Thursday, October 29, 2009

After the goldrush #52

Mark Nelson, founding member of Labradford and general magic wizard when it comes to spacious and airily ambient electronica, is the man behind the Pan American wheels. Nelson binds together electronic leanings and organic washes with shoegazer minimalism and dub influences. The latter component is not quite as visible on White Bird Release (Kranky) as on some of his previous outings which make the whole thing even more graceful and soothing. It’s not the most original thing in the world but if you like your drones warm and rounded you can’t really go wrong.

More on the same label comes from Greg Davis who approaches the drone formula from a somewhat different perspective on his Mutually Arising release. We get two extended pieces constructed from synthesizers, effects pedals and computers that are all about sustained and subtle sound exploration. The sound moves glacially but over the course of the 27 minutes long opener “Cosmic Mudra” the patient listener can witness how it transforms from a sound that is barely there to a minimalist roar. Watching the static sound swell is a gorgeous experience and leaves us at the ideal starting point for “Bliss” which sounds quite a bit like its title with warm, floating drones seeping out of the speakers. Increase the volume folks!

I’ve been meaning to write a few words about some Bezoar Formations releases for quite some time now, but for some reason I haven’t come around to actually do anything about it until now. This San Francisco-based label seems pretty flawless if you ask me and Radiant Husk’s Several Totem is as good starting point as any with its quietly buzzing sax/tapes/keyboards swirl. Slowly enveloping tones that sound like a hill of mist-clad pines that hum in the wind makes this all too limited CD-R mysterious and very worthwhile.

Anemone Lodge’s self-titled disc on Bezoar is a chance meeting between Broken Face favorites Number None (Chris Miller and Jeremy Bushnell), The Opera Glove Sinks in the Sea (Gwyneth Merner) and the aforementioned Radiant Husk (Matthew Erickson).The hand-stamped packaging is worth the price of admission of alone and the sound is by no means less exciting. Dark, desolate warehouse drones float like waves across the ocean, meaning this is as natural as the cycle of days and seasons yet somewhat industrial in its droney approach.

Swedish Jonas Rosen’s Duo Senza Testa continues the droney approach of this column with underwater ceremonies that sound like Eyvind Kang and Folke Rabe dipping their toes in Tangerine Dream-tasting waters. At its very finest Fabula (Kalligrammofon) is music for the beginning or end of a world, and no matter how dramatic that may sound it's difficult to find any more suitable words. Clouds of cello and outstanding piano work color these washes of sound that seem to be stuck in a never-ending loop of atmospheric beauty.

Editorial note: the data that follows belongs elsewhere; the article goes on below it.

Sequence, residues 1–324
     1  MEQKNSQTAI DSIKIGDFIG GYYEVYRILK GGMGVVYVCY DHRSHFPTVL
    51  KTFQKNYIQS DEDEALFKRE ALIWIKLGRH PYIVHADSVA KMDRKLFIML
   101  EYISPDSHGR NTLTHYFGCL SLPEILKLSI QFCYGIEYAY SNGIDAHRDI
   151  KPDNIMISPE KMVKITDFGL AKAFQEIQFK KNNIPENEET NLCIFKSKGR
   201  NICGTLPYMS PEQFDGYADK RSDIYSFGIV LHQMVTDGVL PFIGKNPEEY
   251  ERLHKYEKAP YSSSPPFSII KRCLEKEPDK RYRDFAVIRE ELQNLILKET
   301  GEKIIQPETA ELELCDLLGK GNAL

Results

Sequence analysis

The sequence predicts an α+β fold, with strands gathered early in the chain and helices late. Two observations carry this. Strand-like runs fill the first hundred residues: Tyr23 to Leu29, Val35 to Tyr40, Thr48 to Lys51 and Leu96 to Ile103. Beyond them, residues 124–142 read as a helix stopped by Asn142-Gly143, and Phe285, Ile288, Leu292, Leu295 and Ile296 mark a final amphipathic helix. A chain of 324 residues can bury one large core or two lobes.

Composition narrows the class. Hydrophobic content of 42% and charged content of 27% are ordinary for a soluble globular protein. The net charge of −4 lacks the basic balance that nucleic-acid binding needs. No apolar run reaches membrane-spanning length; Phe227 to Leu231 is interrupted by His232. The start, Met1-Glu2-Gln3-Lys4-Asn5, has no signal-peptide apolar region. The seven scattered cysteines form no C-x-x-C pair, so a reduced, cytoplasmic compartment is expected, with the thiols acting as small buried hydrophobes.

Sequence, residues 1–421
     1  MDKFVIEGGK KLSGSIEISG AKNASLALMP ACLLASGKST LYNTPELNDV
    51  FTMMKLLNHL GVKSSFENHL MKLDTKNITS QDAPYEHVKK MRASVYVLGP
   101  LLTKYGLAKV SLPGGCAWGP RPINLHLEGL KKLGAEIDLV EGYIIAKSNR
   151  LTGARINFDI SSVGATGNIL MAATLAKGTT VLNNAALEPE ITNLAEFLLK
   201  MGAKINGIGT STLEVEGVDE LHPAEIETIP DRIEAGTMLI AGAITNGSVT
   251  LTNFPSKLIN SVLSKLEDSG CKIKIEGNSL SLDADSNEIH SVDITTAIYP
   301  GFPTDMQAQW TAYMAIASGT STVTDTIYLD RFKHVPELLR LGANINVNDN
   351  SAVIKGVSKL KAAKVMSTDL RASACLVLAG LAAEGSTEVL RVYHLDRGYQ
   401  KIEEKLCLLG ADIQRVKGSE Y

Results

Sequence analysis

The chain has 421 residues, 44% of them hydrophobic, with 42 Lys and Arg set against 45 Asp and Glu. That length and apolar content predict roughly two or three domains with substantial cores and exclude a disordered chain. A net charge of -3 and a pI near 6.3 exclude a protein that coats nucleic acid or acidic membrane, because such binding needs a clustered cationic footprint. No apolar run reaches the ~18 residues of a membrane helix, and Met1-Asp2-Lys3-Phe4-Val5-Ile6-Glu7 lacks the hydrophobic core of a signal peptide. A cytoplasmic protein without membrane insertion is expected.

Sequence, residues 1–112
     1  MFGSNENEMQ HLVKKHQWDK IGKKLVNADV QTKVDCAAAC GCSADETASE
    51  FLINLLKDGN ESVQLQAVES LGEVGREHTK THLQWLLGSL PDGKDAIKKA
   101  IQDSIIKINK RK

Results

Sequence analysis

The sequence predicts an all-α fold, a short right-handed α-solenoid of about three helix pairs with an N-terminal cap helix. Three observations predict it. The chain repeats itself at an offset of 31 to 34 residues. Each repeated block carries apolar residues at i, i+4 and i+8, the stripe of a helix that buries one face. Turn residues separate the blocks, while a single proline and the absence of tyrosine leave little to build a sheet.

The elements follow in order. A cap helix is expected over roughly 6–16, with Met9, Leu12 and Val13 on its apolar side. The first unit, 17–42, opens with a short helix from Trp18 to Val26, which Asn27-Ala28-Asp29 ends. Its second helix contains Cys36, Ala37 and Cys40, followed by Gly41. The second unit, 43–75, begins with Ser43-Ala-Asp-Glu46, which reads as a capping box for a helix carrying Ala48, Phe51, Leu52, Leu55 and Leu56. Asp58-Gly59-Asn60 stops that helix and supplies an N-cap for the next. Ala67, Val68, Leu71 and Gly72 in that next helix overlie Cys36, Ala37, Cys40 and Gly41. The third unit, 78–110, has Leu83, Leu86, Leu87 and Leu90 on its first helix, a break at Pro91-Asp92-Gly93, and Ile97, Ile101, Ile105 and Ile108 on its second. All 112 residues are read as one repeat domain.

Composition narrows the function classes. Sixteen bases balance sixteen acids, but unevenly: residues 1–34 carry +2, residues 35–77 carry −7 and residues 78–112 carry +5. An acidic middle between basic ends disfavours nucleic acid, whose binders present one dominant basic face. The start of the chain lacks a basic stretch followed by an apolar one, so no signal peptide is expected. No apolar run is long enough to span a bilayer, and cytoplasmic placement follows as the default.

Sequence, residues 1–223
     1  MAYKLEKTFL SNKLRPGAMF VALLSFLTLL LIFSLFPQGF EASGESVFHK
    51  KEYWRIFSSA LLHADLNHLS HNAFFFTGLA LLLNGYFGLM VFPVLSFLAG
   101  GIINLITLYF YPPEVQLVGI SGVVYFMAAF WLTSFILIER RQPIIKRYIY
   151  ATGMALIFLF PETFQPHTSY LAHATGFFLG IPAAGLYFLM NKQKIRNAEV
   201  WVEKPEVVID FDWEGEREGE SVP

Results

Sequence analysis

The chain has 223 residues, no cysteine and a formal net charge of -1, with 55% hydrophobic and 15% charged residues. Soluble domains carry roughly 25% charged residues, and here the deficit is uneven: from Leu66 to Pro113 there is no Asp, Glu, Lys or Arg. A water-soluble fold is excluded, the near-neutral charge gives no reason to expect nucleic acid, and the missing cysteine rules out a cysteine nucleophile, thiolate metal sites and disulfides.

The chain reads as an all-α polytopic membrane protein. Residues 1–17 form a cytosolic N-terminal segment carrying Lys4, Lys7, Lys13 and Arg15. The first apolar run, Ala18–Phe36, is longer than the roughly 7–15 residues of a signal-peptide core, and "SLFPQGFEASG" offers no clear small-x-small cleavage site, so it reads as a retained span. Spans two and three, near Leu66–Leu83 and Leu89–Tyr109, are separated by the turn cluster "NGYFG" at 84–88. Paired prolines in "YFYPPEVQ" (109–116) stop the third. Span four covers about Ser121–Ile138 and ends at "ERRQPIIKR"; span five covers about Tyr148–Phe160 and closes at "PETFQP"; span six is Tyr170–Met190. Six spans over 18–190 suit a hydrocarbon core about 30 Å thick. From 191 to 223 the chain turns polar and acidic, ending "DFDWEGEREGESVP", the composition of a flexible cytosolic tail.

Harps of Fuchsia Kalmia is a project of Italian composer/multi-instrumentalist Salvatore Borrelli, and his Burning with Your Old Joy in the Terminal Sun on Ikuisuus sounds like a chaplet of folk-inspired tones glued together to one stumbling entity, leaning as much towards improvisation as composition. Takoma-inspired guitar plucking blend with corrosive dulcimer drones and bouzouki and although I don’t think all of it is perfect enough is to make it an organic listening experience which takes a sound similar to Scott Tuma’s into the terrain of avant-garde music.

Other Thunders (NO-FI) from The One Ensemble Orchestra (featuring Volcano the Bear member Daniel Padden among others) approaches the folk sound from a completely different angle, displaying a somewhat Eastern European and chamber music-inspired take on the genre. This is a fairly up-beat affair and it offers at least eight different routes to aural enlightenment, and believe me, you can’t beat that at this price. I believe all these tracks are new but it wouldn’t be surprising if some of them were actually based on traditionals, because this music is festive and uplifting in a way that so many psych folk explorers today dare not to be, but that being said there’s sadness here, a sense of real memory alloyed with a deep-reaching transcendentalism that words can’t really capture.

The Stumbling Block is Liverpool-based Zukanican's second album and third release on the always-impressive Pickled Egg imprint. Like its predecessors it blends krautrock moves with jazz grooves and dub influences, but this one might very well be their best one yet. The opening “Scaling Wax” sets the standard with trumpet hovering over pulsating basslines and keyboard sounds aiming for the sun. It’s never fun to mention the same reference points as the press kit does but this disc does actually sound like it’s influenced by Can as much as Soft Machine and Art Ensemble of Chicago so what can you do?